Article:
Surprising as it may seem, parts of the UK national press have been buzzing with excitement over the terms of a non-disclosure agreement (NDA).
The story so far
There haven’t been any (many?) school exams this year, due to the Covid-19 pandemic. Instead, school pupils were to be awarded grades in their GCSE and A level exams using an algorithm developed by OFQUAL, the regulatory body for school examinations in England.
The Royal Statistical Society (RSS) had proposed to OFQUAL the inclusion of two independent experts to help develop the algorithm. OFQUAL asked these experts to sign an NDA. RSS objected to the terms of the NDA on the grounds that it would prevent RSS from commenting on the choice of computer model, on how the constraint of grade inflation was set, whether it was appropriate to the statistical task at hand, and who set it.
In fact, following an outcry over the results produced by the algorithm, pupils have been able to claim any higher results predicted by their teachers.
The terms of the NDA
So, what is so terrible about the NDA that was proposed? IP Draughts has reviewed many hundreds of NDAs over the last 36 years, and one of his books is on the subject of Drafting Confidentiality Agreements, published by the Law Society of England and Wales, and now in its third edition. He thought it might be interesting to review OFQUAL’s NDA.
First, some general comments, before focussing on the special case of an independent academic review of technology being used for public purposes.
IP Draughts’ overall impression is that the NDA was originally based on a simple template with conventional terms, but like many templates it has acquired some accretions over time, and it doesn’t look like it has received a high-quality legal review for some time. He would be embarrassed to put his name to such a scruffy document.
Points that jumped out (in the order in which they appear in the draft) include:
- Bad formatting, e.g. the definition of the Parties appears in a paragraph about OFQUAL.
- The definition of Confidential Information is broad. It covers all information provided by OFQUAL unless the information fits within one of the standard exceptions. More often in NDAs there would be a requirement that information must be marked as confidential or if disclosed orally identified as confidential at the time of disclosure.
- Bad/sloppy choice of language, e.g. “undertakes to do as follows” is followed by a list of items, such as “that copyright …remains the copyright of [OFQUAL]”
In a routine business-to-business (B2B) NDA, these points could be fixed by marking up the draft with conventional changes found in many NDAs, and with drafting corrections.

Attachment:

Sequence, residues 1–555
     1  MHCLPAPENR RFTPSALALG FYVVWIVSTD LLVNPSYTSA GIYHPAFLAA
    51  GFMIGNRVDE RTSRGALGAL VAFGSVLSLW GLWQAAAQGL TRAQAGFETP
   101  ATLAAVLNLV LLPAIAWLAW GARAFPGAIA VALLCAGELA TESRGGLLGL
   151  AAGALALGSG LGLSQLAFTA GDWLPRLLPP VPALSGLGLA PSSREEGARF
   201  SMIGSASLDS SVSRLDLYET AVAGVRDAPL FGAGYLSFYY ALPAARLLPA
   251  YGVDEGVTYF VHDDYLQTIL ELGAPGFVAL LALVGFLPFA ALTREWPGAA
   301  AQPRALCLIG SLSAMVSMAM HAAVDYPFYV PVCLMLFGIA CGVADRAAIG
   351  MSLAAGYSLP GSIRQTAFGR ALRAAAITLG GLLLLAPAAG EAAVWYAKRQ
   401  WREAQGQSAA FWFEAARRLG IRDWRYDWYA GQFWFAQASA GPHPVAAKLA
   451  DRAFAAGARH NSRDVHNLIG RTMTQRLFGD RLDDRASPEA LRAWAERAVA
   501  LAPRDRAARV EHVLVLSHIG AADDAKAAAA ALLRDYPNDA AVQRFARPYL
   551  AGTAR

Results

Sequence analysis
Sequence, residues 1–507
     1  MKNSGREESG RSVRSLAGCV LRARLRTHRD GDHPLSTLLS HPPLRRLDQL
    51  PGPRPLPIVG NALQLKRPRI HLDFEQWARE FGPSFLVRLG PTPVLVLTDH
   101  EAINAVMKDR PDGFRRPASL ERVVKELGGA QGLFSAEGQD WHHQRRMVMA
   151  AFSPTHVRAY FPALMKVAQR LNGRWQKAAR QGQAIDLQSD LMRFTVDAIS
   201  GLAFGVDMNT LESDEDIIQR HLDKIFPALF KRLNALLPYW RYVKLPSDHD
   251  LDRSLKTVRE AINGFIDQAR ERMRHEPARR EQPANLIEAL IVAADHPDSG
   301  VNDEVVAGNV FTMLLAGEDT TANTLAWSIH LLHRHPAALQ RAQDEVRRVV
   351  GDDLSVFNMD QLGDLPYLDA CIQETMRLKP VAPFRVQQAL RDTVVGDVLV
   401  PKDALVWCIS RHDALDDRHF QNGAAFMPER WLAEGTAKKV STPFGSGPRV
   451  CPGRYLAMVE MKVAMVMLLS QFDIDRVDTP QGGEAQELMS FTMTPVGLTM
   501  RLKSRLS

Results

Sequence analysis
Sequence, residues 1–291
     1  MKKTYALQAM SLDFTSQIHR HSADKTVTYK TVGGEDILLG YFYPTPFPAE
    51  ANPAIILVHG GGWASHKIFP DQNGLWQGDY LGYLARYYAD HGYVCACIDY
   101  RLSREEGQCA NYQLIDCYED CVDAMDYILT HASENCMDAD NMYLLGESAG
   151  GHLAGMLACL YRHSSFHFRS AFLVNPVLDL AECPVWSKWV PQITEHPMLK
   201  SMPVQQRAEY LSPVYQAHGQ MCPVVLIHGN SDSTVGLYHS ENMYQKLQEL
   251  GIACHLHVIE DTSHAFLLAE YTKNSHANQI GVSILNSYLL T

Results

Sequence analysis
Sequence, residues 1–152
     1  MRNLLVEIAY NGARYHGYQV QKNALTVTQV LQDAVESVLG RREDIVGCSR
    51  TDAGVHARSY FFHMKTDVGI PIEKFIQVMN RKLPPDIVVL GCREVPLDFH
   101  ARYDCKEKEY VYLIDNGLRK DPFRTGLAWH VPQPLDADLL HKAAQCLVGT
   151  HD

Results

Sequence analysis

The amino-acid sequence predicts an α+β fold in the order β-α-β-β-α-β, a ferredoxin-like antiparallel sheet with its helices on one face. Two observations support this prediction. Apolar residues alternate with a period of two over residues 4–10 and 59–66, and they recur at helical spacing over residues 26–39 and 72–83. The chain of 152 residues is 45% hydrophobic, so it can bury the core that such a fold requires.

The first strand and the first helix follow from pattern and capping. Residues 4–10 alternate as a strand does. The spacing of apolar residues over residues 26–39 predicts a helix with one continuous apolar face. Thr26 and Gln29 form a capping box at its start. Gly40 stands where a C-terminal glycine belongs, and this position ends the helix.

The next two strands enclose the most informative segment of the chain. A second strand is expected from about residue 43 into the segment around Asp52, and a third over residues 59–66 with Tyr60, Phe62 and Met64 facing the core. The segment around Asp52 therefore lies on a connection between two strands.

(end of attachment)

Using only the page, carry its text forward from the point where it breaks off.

Other aspects of the NDA seem unremarkable in B2B NDAs, e.g.
- conventional exceptions to confidentiality
- restrictions on use or disclosure of the Confidential Information
- requirement to return information on request and certify destruction
- 5-year term for confidentiality obligations
Conventional as the above terms are, there are still a few drafting suggestions that might be made, e.g. that the receiving party can keep one copy of the confidential information in its legal files.
Special circumstances of this disclosure
OFQUAL’s NDA was proposed for signature by two independent experts suggested by the Royal Statistical Society. It appears from the RSS’s letters (see first link above and documents linked there) that they wanted to be free to publicly criticise the detailed features of the algorithm, and its creators, including OFQUAL. They were concerned that the NDA would prevent them from doing so.
IP Draughts agrees that the NDA probably would prevent them from doing so, but he has some sympathy with the OFQUAL position. It is a public body that was developing a policy, including a methodology for implementing the policy, on an issue affecting many thousands of families in England. As later events showed, the policy was very politically-sensitive.
In those circumstances, looking at it from OFQUAL’s perspective, it seems counter-intuitive to admit people to the policy-making body and then allow them to criticise the policy.
It appears that RSS is a campaigning body that presumably wants both better use of statistics in public bodies and greater transparency about their use. That is an understandable and laudable aim, but if I were running OFQUAL I would be reluctant to create a rod for my own back by giving RSS representatives both privileged access to a policy and freedom to criticise it.
Overall, IP Draughts thinks the issue is not really about the terms of a mediocre NDA, but about whether people involved in developing public policies should be constrained as to what they can say in public about those policies, and when. This is, or should be, itself a matter of public policy rather than something to be governed by private agreements.